“Dialogue” by Chicago – a reprise of a much needed conversation

Robert Lamm, of the wonderful band Chicago, penned a song about fifty years ago called “Dialogue” that could still ring true today. The song resonates with me and is one of my personal favorites of the band because of its theme and musicality, but also the fact Lamm and lead singer Peter Cetera sang it as a dialogue. Two guys talking about the problems in the world. Here are the words:

Are you optimistic ’bout the way things are going?
No, I never ever think of it at all
Don’t you ever worry
When you see what’s going down?
No, I try to mind my business, that is, no business at all
When it’s time to function as a feeling human being
Will your bachelor of arts help you get by?
I hope to study further, a few more years or so
I also hope to keep a steady high
Will you try to change things
Use the power that you have, the power of a million new ideas?
What is this power you speak of and this need for things to change?

I always thought that everything was fine
Don’t you feel repression just closing in around?
No, the campus here is very, very free
Don’t it make you angry the way war is dragging on?
Well, I hope the president knows what he’s into, I don’t know
Don’t you ever see the starvation in the city where you live
All the needless hunger all the needless pain?
I haven’t been there lately, the country is so fine
But my neighbors don’t seem hungry ’cause they haven’t got the time

Thank you for the talk, you know you really eased my mind
I was troubled by the shapes of things to come
Well, if you had my outlook your feelings would be numb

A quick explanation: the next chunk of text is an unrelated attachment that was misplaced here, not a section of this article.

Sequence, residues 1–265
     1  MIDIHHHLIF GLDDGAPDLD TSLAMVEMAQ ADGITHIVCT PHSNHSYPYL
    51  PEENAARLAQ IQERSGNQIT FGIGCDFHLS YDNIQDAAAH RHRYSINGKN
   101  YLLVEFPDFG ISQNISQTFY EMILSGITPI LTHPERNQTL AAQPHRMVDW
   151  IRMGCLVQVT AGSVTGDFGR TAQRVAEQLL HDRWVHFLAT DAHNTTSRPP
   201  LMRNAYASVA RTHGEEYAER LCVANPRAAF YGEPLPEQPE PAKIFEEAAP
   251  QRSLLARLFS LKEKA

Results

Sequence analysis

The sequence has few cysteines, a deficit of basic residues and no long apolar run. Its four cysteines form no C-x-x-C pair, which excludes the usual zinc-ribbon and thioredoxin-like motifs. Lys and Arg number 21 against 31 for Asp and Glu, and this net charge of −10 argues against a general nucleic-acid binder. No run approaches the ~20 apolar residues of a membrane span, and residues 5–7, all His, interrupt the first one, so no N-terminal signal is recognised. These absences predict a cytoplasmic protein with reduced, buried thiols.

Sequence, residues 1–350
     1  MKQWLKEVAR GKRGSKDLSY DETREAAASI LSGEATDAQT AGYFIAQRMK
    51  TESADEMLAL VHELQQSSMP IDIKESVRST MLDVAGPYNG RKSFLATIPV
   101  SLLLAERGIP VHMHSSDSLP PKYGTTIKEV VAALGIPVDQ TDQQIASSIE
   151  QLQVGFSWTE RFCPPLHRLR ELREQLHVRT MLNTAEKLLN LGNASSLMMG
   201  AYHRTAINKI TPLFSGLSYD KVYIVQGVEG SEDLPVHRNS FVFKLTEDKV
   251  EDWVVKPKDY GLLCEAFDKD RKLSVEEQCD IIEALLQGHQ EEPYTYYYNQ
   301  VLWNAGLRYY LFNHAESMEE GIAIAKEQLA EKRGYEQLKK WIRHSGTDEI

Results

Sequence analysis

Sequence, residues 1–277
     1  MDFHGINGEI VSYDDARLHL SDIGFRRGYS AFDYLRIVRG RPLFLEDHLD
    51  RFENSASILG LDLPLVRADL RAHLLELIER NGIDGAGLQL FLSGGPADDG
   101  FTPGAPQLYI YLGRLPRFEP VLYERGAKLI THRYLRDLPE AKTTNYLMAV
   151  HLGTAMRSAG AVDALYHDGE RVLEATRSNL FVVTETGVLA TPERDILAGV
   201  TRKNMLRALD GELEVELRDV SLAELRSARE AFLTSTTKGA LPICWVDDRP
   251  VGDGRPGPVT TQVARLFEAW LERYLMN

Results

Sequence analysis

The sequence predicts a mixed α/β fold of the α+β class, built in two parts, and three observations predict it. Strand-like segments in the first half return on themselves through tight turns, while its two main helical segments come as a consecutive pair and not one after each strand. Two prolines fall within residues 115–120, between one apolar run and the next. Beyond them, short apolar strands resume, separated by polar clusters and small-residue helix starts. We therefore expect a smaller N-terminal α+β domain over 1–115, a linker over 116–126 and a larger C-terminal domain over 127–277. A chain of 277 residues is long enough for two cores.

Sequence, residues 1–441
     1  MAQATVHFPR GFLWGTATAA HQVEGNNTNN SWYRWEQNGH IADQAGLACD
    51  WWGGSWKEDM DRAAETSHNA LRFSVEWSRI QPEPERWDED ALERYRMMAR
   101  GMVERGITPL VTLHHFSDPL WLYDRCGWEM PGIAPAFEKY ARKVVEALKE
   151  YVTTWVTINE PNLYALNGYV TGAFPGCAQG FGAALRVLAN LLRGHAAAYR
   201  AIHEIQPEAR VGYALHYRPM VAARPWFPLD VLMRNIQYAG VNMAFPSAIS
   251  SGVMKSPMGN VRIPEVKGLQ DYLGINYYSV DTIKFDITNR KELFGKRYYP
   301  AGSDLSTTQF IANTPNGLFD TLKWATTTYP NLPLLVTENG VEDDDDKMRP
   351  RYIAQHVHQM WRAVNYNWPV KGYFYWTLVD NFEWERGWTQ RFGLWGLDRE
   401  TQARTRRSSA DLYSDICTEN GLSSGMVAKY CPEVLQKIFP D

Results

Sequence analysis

You’d always think that everything was fine

We can make it happen
We can change the world now
We can save the children
We can make it better
We can make it happen
We can save the children
We can make it happen

I heard this song the other day on the radio for the first time in a long while and listened with my daughter as we drove to school. I found myself pointing out how the song is sung and called a dialogue. She thought that was cool. But, it got me thinking about the words. The problems then still exist today. The more things change, the more they stay the same. We have a national and global poverty problem. I am glad Pope Francis is bringing attention to this more.

We have a national and global problem with how we treat women and girls. Former President Jimmy Carter’s said his new book “A Call to Action” on this issue is the most important mission of his life. Nicholas Kristof and Sheryl WuDunn’s book “Half the Sky” speaks to these issues as well. I would add global poverty and how we treat women are linked, as woman hold up “half the sky” per the Chinese proverb used by Kristof and WuDunn. If you treat women poorly, in addition to their maltreatment, you are impacting half of your intellectual capital and economic value as a community.